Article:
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Agronomy Journal Abstract -

Effects of Soil Water on Rhizobium japonicum Infection, Nitrogen Accumulation, and Yield in Bragg Soybeans1


This article in AJ

  1. Vol. 73 No. 3, p. 501-505
    Received: Sept 8, 1980

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  1. P. G. Hunt,
  2. A. G. Wollum II and
  3. T. A. Matheny2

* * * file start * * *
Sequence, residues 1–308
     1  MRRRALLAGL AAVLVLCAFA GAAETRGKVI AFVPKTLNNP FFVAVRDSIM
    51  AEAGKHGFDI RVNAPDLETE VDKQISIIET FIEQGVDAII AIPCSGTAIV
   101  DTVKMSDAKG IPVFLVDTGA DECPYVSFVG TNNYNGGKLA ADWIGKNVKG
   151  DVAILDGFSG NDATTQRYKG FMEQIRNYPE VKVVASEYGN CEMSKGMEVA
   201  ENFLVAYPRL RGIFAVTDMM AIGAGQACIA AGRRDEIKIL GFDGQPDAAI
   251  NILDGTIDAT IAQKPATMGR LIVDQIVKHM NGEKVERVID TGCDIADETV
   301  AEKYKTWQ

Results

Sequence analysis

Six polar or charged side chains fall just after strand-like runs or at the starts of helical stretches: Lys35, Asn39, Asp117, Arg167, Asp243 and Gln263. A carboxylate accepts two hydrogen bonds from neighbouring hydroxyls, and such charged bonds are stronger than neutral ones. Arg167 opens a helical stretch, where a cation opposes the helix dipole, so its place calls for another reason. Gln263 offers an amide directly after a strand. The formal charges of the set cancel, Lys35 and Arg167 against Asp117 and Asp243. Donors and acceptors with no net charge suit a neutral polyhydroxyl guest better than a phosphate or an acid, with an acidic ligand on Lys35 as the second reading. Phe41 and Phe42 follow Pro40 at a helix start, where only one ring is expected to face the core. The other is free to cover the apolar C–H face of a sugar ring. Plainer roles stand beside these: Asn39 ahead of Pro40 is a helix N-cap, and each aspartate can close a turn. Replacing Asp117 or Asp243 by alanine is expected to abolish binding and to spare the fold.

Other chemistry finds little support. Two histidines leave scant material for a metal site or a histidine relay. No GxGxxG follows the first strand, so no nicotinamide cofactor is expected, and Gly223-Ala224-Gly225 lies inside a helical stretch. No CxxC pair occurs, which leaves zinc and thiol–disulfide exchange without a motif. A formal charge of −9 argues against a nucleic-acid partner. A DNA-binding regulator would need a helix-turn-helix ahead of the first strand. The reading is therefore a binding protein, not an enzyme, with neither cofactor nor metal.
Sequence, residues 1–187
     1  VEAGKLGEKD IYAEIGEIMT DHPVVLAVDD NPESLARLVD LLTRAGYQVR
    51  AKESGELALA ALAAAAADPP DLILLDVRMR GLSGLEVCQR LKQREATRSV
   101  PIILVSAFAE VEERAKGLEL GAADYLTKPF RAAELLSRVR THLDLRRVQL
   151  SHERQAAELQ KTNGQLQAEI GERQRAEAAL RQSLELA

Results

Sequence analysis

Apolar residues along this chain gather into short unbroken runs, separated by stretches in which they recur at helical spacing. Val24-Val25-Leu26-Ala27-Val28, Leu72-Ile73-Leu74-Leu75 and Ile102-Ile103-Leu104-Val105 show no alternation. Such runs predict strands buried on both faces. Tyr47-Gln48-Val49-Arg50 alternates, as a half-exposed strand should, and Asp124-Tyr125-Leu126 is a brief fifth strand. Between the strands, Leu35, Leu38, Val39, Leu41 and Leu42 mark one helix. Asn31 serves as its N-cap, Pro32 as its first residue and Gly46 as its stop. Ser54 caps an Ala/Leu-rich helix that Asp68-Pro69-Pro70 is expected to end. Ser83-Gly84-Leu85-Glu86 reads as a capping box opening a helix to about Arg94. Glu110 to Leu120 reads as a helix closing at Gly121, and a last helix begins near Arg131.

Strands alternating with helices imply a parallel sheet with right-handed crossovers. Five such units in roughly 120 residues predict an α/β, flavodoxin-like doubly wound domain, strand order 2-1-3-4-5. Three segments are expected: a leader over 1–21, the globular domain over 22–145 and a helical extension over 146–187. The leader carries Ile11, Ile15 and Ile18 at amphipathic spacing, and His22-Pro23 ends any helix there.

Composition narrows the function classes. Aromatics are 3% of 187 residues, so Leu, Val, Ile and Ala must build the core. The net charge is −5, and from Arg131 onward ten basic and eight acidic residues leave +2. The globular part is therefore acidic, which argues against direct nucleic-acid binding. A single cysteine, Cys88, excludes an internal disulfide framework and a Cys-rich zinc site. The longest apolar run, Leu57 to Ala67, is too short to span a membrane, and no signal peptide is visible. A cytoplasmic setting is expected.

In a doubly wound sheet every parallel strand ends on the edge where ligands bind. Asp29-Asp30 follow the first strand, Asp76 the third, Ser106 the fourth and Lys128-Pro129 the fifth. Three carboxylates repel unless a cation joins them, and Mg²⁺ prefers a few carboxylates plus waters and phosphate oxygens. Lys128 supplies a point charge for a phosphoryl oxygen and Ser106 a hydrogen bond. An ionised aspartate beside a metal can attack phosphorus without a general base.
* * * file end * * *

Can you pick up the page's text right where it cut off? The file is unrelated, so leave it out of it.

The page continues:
Low soil water contents may be involved in the lack of success of soybean inoculation in southeastern U.S. soils having high indigenous populations of Rhizobium japonicum. This study was conducted to assess the effect of soil water on the inoculation, biomass, N accumulation, and yield of soybean [Glycine max (L.) Merr.]. ‘Bragg’ soybeans were noculated with 108 cells/cm row of R. japonicum (strain 110) and grown under both irrigated and nonirrigated conditions on a Norfolk loamy sand (Typic Paleudult) in a split plot design. Rainfall maintained the surface soil above −250 mb matric potential until the late flowering stage of growth. Subsequently, a seasonal drought created treatment differences between irrigated and nonirrigated plots resulting in a twofold increase in seed yield due to irrigation (3,160 vs. 1,682 kg/ha). Inoculation increased the percentage infection by strain 110 from practically 0% background to about 20%. Inoculation increased growth and total N accumulation in pods, petioles, and leaves of Bragg soybeans under irrigated conditions. Under nonirrigated conditions, the increased infection of strain 110 appeared to induced a negative response in the vegetative growth of Bragg soybeans. Nitrogen concentration was also significantly lower in the leaves and pods of nonirrigatedinoculated plants. These differences were not observed in N content of the mature seed, and inoculation did not significantly affect seed yield. These findings indicate that R. japonicum strain ✕ environment interactions may be important for soybean growth and yield in the southeast United States.

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